After 12 seasons, Jones steps down as Dunbar boys hoops coach

Diego Jones talks to Dunbar’s boys basketball team during a timeout during a Baltimore City league in Februrary 2018. Jones recently stepped as Poets coach after 12 seasons and five state championships.

by Derek Toney

For more than a decade, Cyrus “Diego” Jones knew it was a “blessing,” when he walked into Dunbar High’s gymnasium.

“It was a honor because knowing the history of the school and being a former player,” said Jones. “That’s what made it a blessing.”

And no one understood the meaning of “Poet Pride” more than Jones, who spent parts of four decades as a player and coach at the east Baltimore school. After 12 seasons as varsity coach, Jones has stepped down.

“I have a lot of memories and I’m thankful for the opportunity,” said Jones. “I think I made an impact with the young people which was always my goal.”

Friday evening, Jones sat in Poly’s gym watching his senior Malik McCormick play in the Baltimore City/Baltimore County All-Star game. He said he’s been considering stepping away the past couple of seasons.

“Midway through the season, I had a talk with my family and came to the conclusion this was going to be it,” Jones said. “It was a number of things that contributed to the decision, but I thought it was the right time.”

Dunbar Athletic Director Dana Johnson said the school’s administration is handling the process to find a new coach.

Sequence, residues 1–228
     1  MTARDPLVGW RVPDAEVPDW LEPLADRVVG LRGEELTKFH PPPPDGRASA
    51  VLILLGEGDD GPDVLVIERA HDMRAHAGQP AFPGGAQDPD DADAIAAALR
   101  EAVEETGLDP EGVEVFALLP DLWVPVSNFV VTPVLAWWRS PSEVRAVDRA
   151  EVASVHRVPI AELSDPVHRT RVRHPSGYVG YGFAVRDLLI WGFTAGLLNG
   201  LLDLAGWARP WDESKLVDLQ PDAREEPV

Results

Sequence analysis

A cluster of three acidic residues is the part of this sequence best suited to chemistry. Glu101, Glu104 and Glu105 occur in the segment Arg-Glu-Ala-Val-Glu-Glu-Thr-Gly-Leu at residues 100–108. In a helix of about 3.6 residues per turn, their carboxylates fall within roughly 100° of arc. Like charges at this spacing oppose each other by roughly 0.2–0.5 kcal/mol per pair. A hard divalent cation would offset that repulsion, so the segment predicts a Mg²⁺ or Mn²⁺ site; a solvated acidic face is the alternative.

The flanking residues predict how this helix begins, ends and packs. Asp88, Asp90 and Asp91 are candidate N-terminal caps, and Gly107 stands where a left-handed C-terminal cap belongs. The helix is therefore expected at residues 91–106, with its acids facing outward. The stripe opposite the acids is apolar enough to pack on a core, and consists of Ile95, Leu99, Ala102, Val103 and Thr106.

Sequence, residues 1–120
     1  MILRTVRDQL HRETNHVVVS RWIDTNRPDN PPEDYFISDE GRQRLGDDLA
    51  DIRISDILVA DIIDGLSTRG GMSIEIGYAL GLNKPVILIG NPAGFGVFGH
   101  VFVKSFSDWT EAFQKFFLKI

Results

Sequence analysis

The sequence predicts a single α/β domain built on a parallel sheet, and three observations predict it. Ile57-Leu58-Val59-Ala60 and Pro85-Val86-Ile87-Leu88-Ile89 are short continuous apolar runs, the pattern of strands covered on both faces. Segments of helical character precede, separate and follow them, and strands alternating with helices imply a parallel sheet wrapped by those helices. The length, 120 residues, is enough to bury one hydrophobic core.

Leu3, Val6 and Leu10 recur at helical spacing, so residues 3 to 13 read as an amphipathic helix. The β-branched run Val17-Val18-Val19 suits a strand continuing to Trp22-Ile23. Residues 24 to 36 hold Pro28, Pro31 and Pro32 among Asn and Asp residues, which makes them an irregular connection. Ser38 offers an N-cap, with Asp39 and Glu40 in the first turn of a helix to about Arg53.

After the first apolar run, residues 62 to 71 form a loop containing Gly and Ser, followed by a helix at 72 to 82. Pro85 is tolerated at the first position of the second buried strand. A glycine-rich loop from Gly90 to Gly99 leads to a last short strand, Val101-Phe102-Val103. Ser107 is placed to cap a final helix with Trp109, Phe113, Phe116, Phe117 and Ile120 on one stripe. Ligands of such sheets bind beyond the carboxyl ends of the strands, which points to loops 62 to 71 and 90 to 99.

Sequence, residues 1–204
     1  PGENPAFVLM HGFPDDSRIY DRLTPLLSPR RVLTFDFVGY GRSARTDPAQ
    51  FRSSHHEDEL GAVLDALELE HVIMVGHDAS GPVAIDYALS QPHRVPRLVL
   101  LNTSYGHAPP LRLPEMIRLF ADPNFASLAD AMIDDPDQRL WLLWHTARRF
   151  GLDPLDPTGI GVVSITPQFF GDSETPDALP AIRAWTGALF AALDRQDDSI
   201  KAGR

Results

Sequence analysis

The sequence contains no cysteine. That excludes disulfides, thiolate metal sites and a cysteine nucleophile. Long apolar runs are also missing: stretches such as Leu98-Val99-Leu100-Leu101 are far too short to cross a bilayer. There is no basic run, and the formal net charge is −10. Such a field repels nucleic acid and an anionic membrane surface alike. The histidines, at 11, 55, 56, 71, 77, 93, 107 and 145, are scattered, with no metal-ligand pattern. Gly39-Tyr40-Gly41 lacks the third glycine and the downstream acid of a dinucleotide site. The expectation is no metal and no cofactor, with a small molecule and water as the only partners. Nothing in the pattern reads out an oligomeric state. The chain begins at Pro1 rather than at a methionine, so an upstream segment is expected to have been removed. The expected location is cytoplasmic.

Jones went 226-72 with five state championships and two Baltimore City Division I titles as coach. He was part of four state championship and two city titles as an assistant under Eric “Smiley” Lee, who later was an assistant under Jones.

Jones’ 12-year stint as coach is the longest tenure at Dunbar since Bob Wade’s legendary 11-year run at the Orleans Street. Wade went 272-24 with two mythical national championships, making Dunbar the premier high boys’ basketball program in the nation.

Jones, who was a starter on the Poets’ 1991-92 national title squad, said it wasn’t pressure being coach.

“There’s expectations of course, but no pressure,” said Jones. “With the history of the school, everybody is used to seeing Dunbar win. You just try to carry out those expectations, but you can’t necessarily put that first because you have to look at what’s in the best interest of the kids.”

Among Jones’ best memories is winning the 2013 city Division I title with Daxter Miles, who would went on to play for West Virginia and Kamau Stokes (Kansas State). The Poets’ 2012 state 1A title with Donte Pretlow (Morgan State), Evan Singletary and Roderick Hairston stood out for Jones as well.

“They did it the right way, earning their way through, being freshman on JV, and working their way to varsity,” said Jones. “Trusting the process.”

Keith Booth and Donta’ Bright, who starred with Jones on the Poets’ 1991-92 national title squad, are rumored to be among the candidates for the Dunbar coaching position along with former Mount Carmel coach Hakim Hibbert.

Jones said “the door is open for anything,” as far his next opportunity.

“I feel I still have a lot more to give to the game,” said Jones. “It was time to step away and do something different.”